The OSGi component standard is one of the newer aspects of Java development today, yet it has been a long time...
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coming. For ISVs, OSGi may be a potent tool that will enable more modular swapping of components. For some mainstream developers, it could be a blessing or a curse – a curse if its power is mishandled.
At this year's EclipseCon, SearchSOA.com writer Jack Vaughan spoke with Jeff McAffer, CTO, EclipseSource, to better discern the course of OSGi. McAffer leads the Eclipse Equinox OSGi, RCP and Orbit teams. He is one of the architects of the Eclipse Platform and a co-author of "Equinox and OSGi," recently published by Addison-Wesley. Our discussion starts with a look at resolver hooks, low-level software that ultimately enables better high-level program frameworks, but with which it is possible to create "unresolvable" states.
SearchSOA: I have heard experts, discussing resolver hooks, saying that there are new things in OSGi, but don’t touch them. What is your take on that?
Jeff McAffer: I’m probably one of those experts who says, ‘don’t touch them,’ but what it really means is that there are new things in the fundamental technology that are enabling additional configurability and flexibility within OSGi. But this is more at the systems level, not at the application level.
Resolver hooks were put in place to solve a particular technological problem where people wanted to create a new framework on top of OSGi. But, really, normal application programmers don’t need that level of flexibility. What they need is a higher grain where they can work at a more abstract level. Realistically, you don't want your developers programming (OSGi) at all because it is actually quite low level. It is made for system’s level programming, not application level programming. And so, those new things you are seeing, which are very cool and very powerful, are put in place to facilitate people who are making application programming frameworks, not system level stuff. So that's really what you see.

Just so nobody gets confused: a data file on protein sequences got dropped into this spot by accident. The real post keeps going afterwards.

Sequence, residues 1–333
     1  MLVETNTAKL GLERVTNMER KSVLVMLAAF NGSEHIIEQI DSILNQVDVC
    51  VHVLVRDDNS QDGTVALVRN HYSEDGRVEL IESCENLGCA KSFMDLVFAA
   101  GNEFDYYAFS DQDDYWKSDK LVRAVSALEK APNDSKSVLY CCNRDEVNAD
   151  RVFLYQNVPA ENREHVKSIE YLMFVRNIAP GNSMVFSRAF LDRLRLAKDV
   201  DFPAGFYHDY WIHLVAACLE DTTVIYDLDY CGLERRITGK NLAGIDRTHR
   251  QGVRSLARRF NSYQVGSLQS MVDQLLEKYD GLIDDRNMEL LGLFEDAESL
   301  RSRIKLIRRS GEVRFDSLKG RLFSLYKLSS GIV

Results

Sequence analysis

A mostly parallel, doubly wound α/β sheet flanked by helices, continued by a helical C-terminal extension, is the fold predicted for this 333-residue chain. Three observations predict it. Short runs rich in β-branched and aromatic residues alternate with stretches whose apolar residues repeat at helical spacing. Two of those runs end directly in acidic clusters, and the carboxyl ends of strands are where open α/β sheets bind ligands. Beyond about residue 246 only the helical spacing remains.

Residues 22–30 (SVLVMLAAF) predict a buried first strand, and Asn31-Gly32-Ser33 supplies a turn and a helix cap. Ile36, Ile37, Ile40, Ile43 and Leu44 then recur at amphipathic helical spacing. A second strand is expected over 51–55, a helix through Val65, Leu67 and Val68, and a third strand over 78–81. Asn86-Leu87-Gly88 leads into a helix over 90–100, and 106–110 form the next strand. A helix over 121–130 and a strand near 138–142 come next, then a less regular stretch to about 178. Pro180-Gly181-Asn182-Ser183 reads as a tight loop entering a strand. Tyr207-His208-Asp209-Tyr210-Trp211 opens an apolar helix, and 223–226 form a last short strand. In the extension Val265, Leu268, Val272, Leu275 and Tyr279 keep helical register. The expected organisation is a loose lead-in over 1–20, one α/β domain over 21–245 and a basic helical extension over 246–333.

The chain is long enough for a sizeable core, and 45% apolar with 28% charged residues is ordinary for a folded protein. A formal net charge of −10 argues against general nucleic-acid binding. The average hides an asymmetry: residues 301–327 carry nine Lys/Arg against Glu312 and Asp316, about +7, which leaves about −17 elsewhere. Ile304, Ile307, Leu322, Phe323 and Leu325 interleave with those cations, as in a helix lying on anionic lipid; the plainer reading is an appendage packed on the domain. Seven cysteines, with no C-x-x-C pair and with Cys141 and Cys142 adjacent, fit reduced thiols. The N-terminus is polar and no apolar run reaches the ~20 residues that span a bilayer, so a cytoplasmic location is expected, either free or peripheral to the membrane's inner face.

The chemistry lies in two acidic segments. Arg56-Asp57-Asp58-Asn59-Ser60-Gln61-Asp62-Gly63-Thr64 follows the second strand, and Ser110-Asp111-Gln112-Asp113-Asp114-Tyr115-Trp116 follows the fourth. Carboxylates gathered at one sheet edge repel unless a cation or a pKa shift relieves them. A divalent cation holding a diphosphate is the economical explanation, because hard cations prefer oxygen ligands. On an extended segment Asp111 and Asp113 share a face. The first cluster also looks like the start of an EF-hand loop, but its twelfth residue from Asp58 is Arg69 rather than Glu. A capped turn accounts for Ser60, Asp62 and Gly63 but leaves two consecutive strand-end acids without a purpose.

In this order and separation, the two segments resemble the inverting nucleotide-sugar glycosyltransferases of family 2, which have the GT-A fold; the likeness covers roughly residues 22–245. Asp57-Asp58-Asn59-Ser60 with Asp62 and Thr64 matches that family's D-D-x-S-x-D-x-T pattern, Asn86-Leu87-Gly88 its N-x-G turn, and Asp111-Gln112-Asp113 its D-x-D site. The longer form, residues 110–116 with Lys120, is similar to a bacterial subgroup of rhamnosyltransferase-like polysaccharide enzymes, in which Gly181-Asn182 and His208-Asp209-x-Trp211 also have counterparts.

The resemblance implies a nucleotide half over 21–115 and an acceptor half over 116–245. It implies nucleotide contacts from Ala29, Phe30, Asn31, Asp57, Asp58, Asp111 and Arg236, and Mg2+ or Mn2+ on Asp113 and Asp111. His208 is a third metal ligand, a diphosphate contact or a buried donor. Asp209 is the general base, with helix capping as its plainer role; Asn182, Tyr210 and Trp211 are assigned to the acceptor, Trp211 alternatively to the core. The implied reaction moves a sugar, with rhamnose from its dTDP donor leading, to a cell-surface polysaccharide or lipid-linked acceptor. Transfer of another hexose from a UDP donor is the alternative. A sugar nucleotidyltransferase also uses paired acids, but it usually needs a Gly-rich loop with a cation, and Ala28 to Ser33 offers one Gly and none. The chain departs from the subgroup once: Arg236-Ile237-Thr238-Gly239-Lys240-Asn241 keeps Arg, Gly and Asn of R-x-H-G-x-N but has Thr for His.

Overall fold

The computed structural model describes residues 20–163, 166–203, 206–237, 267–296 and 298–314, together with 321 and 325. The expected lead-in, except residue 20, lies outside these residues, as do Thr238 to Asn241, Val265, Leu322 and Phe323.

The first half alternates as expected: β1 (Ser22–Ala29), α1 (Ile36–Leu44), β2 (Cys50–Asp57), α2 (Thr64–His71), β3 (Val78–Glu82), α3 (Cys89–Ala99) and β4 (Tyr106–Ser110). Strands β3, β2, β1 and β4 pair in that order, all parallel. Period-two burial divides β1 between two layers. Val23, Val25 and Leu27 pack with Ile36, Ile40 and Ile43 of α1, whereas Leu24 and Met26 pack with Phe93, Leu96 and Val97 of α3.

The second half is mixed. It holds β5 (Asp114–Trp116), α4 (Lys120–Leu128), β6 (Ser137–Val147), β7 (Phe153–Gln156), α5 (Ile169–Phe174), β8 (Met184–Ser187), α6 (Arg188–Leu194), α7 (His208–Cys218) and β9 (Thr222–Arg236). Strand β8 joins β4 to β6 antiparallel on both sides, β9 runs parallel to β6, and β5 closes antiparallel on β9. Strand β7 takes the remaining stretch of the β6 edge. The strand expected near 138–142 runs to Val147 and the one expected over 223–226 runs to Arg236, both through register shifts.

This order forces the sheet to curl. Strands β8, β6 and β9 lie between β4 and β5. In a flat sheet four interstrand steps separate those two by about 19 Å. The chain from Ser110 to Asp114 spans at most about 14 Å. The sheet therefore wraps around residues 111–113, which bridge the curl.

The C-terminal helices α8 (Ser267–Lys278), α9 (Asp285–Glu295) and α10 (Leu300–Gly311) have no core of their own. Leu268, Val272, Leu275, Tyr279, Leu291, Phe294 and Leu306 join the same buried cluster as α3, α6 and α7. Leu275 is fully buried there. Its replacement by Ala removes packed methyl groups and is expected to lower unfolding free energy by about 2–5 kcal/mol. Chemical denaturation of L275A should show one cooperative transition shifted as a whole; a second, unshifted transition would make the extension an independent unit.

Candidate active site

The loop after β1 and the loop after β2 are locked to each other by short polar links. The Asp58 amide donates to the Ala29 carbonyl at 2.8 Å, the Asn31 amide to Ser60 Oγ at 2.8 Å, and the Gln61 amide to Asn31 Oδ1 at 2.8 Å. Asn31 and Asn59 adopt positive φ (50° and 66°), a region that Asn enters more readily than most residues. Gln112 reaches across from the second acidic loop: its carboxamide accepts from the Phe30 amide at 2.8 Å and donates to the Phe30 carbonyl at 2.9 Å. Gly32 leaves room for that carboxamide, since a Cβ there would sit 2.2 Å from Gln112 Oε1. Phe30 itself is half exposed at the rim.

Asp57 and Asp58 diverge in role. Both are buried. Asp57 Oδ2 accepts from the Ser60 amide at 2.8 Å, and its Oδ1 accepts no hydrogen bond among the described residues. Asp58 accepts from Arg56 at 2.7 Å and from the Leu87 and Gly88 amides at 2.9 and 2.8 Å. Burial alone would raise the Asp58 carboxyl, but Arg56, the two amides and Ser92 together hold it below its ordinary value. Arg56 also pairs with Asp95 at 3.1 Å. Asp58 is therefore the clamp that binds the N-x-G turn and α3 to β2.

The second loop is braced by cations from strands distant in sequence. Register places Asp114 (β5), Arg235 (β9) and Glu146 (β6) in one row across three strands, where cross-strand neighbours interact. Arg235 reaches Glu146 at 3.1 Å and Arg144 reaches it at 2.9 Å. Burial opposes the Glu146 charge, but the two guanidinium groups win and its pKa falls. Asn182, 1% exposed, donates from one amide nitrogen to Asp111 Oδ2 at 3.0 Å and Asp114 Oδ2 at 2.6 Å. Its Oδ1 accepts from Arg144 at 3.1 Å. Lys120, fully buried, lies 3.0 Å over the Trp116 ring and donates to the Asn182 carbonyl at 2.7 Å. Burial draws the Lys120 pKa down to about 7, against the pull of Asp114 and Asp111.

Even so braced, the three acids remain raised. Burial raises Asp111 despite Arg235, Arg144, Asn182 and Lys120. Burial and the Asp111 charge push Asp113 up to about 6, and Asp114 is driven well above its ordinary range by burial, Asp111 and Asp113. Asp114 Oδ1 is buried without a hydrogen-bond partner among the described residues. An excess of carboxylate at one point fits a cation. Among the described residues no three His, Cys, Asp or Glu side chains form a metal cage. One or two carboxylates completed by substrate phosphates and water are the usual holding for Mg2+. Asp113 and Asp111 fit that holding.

SearchSOA: Are you seeing OSGi-based systems moving into the enterprise?
McAffer: It’s quite exciting. People are looking at adopting OSGi and they’re moving towards the enterprise. We see it showing up in all of the major app servers, we see people using it in both embedded and existing app servers. The app servers themselves are OSGi enabled.
Projects like Virgo here at Eclipse, which is essentially [built on] the preexisting DM server technology from SpringSource, that’s really taking off. We’re seeing more and more people interested in it. It really spans the range of people doing banking applications, websites for banking applications, travel websites, and enterprise software like internal in-house things that are being done with the server. And so we see Equinox [Ed Note: An implementation of OSGi] showing up everywhere.
SearchSOA: You have always been involved closely with Eclipse. Can you try and help us characterize the influence of Eclipse?
McAffer: That’s true. Actually if you go back 10 years really, what we ended up doing is first we leveled the tooling playing field. At the time, people were selling Java IDEs for lots of money and that sort of stuff with fairly basic function. We basically said, ‘OK that’s all be free now so we have to step up a level,’ so we moved the bar.. And we’re seeing sort of this next trend, which is Java modularity on the server side.
When you look at the big picture, what we’ve really done is proven that modularity is a good thing and is very powerful. Eclipse would not be anywhere near where we are today without having had a modular story and OSGi wouldn’t be known nearly as well as it is with being highly modular and Eclipse adopting it and such.
And so we’ve sort of proven that modularity is good, fine-grain modularity is good and can be successful in Java. So I think those are really the game changers that we were seeing happen over the past 10 years.